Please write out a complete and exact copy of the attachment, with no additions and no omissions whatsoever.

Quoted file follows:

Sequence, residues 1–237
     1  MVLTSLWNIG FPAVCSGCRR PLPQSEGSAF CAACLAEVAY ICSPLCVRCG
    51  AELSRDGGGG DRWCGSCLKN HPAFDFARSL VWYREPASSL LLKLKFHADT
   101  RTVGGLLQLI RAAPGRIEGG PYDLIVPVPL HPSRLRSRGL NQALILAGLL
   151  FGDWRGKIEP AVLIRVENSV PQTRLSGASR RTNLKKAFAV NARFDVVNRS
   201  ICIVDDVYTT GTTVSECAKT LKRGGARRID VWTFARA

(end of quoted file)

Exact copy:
Sequence, residues 1–237
     1  MVLTSLWNIG FPAVCSGCRR PLPQSEGSAF CAACLAEVAY ICSPLCVRCG
    51  AELSRDGGGG DRWCGSCLKN HPAFDFARSL VWYREPASSL LLKLKFHADT
   101  RTVGGLLQLI RAAPGRIEGG PYDLIVPVPL HPSRLRSRGL NQALILAGLL
   151  FGDWRGKIEP AVLIRVENSV PQTRLSGASR RTNLKKAFAV NARFDVVNRS
   201  ICIVDDVYTT GTTVSECAKT LKRGGARRID VWTFARA